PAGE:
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My daughter is beginning to focus on the education of her future child and my first grandchild.
She wrote the following post on her personal blog and I want to share it with my readers today.
“I do not miss childhood, but I miss the way I took pleasure in small things, even as greater things crumbled. I could not control the world I was in, could not walk away from things or people or moments that hurt, but I took joy in the things that made me happy.” — The Ocean at the End of the Lane by Neil Gaiman
I spent my elementary schooling, from nursery school through the sixth grade, at a brilliant place in Laguna Beach, California called Anneliese’s School. Founded by Anneliese Schimmelpfennig, one of the most kind and compassionate people I’ve ever met, the school operates on a system of values centralized around self-discipline and self-motivation, respect, curiosity, freedom, and love. This school was the best thing about my childhood! (Good choice, mom!) I credit the education I received there with my love for learning and my desire to learn as much about the world as I can, and to give that knowledge to the next generation.
Like a fairy tale, the school inhabits the beautiful, hand-painted architecture of an old Spanish mission; I used to stare at the stunning intricacy of the Spanish tiles, which are everywhere. The play structures were all hand-built by the groundskeeper, who had his own (also hand-built) home on the property. And, most magical of all for a little girl: there were peacocks! And swans! And llamas!
Perhaps most magical and mysterious of all, though, looking back, was just how the teachers did it. Not only were they incredibly talented at getting students to motivate themselves, they also taught much of their class throughout the day in a language besides English. For instance, in the third grade I was taught by Ms. Anita (all teachers were addressed by their first names), who was raised in Germany. When we needed to greet Anita or say goodbye, use the restroom, tell the time, announce that we had a question, or otherwise say something simple and straight-forward, we did so in German. Likewise, she would communicate with us in German for much of the day. In this way, we learned languages the way they ought to be taught: through regular, everyday use rather than enforced memorization. Through this method, I learned a great deal of German, French, American Sign Language, and Spanish, which has definitely helped me in life.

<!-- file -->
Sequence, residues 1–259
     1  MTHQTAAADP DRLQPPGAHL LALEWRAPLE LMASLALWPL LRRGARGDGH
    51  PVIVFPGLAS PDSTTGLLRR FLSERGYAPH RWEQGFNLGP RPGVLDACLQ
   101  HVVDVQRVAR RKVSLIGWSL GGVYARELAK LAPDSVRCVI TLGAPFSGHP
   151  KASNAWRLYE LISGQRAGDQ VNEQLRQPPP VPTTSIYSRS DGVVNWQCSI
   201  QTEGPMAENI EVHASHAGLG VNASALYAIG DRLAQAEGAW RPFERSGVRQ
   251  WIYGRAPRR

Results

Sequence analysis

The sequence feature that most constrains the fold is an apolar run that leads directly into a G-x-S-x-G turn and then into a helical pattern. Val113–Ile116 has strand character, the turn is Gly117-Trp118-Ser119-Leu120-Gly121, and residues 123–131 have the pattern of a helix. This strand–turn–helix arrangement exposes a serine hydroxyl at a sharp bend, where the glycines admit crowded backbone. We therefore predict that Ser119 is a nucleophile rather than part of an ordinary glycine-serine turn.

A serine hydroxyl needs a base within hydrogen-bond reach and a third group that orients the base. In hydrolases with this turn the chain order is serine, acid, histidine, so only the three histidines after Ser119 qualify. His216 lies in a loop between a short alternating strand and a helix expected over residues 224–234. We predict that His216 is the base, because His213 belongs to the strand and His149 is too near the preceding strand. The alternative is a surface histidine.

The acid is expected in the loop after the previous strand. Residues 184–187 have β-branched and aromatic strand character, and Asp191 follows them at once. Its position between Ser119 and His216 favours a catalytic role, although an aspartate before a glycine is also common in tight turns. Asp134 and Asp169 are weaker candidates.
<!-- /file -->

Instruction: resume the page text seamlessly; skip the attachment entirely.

Another of their practices which blows my mind to reflect on was Circle. Each morning and at the end of each school day, all the school’s students would gather together in a large room for Circle, a time in which we would learn and sing songs (in yet more languages: German, French, American Sign Language, and Spanish, but also Hawaiian and Japanese). We would also play learning games; there was always a big focus at Anneliese’s School on enjoying and being passionate about learning. It established the beginning and the end of the day for me and was always something to look forward to.
At night, I often have dreams about being at a school of some sort, I think because I associate school with so many wonderful things, thanks to Anneliese. This morning, after several such dreams, I woke up realizing that when I homeschool the Peapod in a couple years, I need to implement more than just the values and focus on languages that I received from Anneliese’s School: I need to implement Circle! What better way to start the day than joyfully, with songs and fun? And what better way to end it than by finding out what he or she learned and enjoyed that day and what he or she would like to learn about in the future? And as the Engineer and I have more children, it’ll be a great way to get everyone on the same page in the morning and for the older children to tell their younger siblings what they’re learning about, so that the younger ones can have those things to look forward to as they grow.
I always dreamed of living in Laguna Beach and sending my own children to Anneliese’s School, but I fell in love with a man in Portland and life didn’t turn out that way. Even so, I can still apply their tried-and-true methods to my own little schoolroom!
What about your childhood inspired your love of learning?